While health experts do not generally consider highly pathogenic avian influenza to be a major risk to mammals, a black bear cub in Alaska was euthanized earlier this month after contracting the virus. Wildlife veterinarian Dr. Kimberlee Beckmen told the Juneau Empire newspaper that the young cub had a weak immune system.
Over the summer, avian flu also spread among seals in Maine, which the National Oceanic and Atmospheric Administration believed contributed to an unusually high number of seal deaths.
The Centers for Disease Control and Prevention states that the risk “to the general public” from the bird flu outbreak is low. However, the agency recommends precautions like wearing personal protective equipment and thoroughly washing hands for people who have prolonged contact with birds that may be infected.
In April, a Colorado prisoner working at a commercial farm became the first person in the U.S. to test positive for the new strain, though he was largely asymptomatic.
Successful tests in animal models pave way for strategy for universal flu vaccine
An experimental mRNA-based vaccine against all 20 known subtypes of influenza virus provided broad protection from otherwise lethal flu strains in initial tests, according to a study.
This could serve one day as a general preventative measure against future flu pandemics, the researchers from University of Pennsylvania, US, said.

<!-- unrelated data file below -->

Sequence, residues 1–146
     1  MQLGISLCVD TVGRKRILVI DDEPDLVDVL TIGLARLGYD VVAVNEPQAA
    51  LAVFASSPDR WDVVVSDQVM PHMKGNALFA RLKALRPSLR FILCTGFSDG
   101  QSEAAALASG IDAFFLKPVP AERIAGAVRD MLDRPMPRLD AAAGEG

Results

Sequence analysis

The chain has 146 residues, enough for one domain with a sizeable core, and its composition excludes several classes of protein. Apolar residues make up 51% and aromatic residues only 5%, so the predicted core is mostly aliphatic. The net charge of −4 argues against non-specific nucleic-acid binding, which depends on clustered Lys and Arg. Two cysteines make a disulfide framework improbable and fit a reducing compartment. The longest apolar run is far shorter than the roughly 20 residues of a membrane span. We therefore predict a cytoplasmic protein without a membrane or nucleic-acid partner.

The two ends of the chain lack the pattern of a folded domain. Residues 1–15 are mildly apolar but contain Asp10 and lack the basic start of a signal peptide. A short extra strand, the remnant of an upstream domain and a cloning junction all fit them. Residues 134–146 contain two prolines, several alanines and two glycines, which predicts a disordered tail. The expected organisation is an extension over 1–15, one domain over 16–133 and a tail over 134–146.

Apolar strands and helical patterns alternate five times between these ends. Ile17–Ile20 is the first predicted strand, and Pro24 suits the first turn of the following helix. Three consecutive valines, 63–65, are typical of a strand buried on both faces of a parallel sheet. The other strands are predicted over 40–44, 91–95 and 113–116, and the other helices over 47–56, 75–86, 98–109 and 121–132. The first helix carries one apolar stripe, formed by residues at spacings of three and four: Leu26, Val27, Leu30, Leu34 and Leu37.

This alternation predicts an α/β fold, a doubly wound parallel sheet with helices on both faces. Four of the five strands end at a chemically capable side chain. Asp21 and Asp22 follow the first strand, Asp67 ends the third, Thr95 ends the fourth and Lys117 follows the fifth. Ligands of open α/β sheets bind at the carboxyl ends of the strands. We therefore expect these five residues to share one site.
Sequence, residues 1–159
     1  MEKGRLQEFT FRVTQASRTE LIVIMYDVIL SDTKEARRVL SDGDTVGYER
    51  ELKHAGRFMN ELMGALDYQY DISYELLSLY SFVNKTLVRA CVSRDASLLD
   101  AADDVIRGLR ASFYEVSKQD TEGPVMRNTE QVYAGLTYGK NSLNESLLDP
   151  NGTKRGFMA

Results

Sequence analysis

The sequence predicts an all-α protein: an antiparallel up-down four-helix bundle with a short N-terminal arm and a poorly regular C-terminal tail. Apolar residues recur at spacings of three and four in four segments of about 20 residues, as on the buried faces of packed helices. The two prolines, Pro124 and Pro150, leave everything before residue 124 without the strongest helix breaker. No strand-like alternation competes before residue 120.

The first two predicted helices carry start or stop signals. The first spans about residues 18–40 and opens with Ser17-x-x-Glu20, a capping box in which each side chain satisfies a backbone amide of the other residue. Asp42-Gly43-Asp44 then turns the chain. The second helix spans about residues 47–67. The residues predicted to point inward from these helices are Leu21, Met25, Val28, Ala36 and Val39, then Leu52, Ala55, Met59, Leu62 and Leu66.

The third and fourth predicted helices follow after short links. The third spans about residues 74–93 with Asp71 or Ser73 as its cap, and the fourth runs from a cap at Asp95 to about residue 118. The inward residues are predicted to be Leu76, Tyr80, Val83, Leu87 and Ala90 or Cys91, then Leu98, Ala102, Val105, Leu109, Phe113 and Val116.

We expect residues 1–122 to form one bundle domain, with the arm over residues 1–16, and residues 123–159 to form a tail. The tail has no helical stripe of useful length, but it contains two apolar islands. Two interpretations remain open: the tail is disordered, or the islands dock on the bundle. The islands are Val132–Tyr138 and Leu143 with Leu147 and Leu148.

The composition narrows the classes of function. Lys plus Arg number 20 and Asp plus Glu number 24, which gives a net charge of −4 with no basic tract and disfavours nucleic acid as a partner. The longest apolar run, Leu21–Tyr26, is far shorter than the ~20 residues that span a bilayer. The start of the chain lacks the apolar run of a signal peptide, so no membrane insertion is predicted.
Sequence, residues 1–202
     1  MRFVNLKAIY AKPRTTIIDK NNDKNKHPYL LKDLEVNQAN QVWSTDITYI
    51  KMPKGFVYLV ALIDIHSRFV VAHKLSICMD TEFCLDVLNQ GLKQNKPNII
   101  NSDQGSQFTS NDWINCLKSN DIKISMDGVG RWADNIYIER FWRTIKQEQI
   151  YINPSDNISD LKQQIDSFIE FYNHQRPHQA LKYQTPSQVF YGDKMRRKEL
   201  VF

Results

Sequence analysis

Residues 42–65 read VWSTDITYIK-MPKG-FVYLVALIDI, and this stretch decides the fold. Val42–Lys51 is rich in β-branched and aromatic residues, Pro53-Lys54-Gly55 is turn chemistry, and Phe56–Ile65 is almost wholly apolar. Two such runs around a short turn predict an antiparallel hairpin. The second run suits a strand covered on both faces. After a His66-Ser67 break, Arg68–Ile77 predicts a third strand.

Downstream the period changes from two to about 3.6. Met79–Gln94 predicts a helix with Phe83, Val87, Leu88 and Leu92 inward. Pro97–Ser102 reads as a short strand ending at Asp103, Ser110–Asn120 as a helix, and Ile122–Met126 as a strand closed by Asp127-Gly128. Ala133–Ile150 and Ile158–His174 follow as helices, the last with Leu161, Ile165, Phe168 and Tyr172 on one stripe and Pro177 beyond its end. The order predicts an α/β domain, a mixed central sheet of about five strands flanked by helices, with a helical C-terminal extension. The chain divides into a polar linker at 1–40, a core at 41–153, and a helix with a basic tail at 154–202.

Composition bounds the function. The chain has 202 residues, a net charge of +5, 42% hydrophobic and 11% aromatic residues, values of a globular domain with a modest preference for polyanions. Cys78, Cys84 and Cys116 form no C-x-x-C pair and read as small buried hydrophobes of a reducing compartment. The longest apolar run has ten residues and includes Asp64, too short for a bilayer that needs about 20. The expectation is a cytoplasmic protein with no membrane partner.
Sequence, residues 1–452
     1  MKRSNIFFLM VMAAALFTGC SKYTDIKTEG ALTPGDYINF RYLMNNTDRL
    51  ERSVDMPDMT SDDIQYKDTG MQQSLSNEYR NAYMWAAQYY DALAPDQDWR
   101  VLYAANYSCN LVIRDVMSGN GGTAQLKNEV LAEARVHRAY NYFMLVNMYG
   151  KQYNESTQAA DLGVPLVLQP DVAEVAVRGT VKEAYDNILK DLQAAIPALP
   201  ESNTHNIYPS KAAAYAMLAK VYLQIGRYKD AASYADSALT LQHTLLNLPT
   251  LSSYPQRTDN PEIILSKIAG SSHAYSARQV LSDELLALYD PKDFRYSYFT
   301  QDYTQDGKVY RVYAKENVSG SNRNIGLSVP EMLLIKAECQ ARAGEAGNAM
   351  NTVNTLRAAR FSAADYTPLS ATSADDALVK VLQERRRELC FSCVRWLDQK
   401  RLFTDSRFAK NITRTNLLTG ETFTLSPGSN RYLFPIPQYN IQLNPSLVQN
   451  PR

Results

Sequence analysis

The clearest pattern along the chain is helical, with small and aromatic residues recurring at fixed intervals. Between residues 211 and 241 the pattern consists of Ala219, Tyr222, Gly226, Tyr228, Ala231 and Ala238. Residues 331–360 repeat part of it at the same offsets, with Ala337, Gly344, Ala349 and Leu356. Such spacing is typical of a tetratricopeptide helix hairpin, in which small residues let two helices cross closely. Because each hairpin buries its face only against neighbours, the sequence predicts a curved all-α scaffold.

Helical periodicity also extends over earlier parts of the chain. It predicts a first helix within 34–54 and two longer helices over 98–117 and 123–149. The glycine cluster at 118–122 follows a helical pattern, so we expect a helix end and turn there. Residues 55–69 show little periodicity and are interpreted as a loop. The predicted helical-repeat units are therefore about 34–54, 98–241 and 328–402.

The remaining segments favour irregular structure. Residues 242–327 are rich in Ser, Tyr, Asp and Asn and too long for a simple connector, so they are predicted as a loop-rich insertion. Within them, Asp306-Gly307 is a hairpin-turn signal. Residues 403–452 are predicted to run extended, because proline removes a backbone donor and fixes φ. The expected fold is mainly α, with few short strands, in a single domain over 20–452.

According to the study, tests in animal models showed that the vaccine dramatically reduced signs of illness and protected from death, even when the animals were exposed to flu strains different from those used in making the vaccine.
The “multivalent” vaccine, which the researchers described in a paper published in the journal Science, used the same messenger ribonucleic acid (mRNA) technology employed in the Pfizer and Moderna SARS-CoV-2 vaccines, the study said.
This mRNA technology that enabled those Covid-19 vaccines was pioneered at Penn, the study said.
“The idea here is to have a vaccine that will give people a baseline level of immune memory to diverse flu strains, so that there will be far less disease and death when the next flu pandemic occurs,” said study senior author Scott Hensley.
Influenza viruses periodically cause pandemics with enormous death tolls. The best known of these was the 1918-19 “Spanish flu” pandemic, which killed at least tens of millions of people worldwide.
Flu viruses can circulate in birds, pigs, and other animals, and pandemics can start when one of these strains jumps to humans and acquires mutations that adapt it better for spreading among humans.
Current flu vaccines are merely “seasonal” vaccines that protect against recently circulating strains, but would not be expected to protect against new, pandemic strains. The strategy employed by the Penn researchers is to vaccinate using immunogens – a type of antigen that stimulates immune responses – from all known influenza subtypes in order to elicit broad protection, the study said.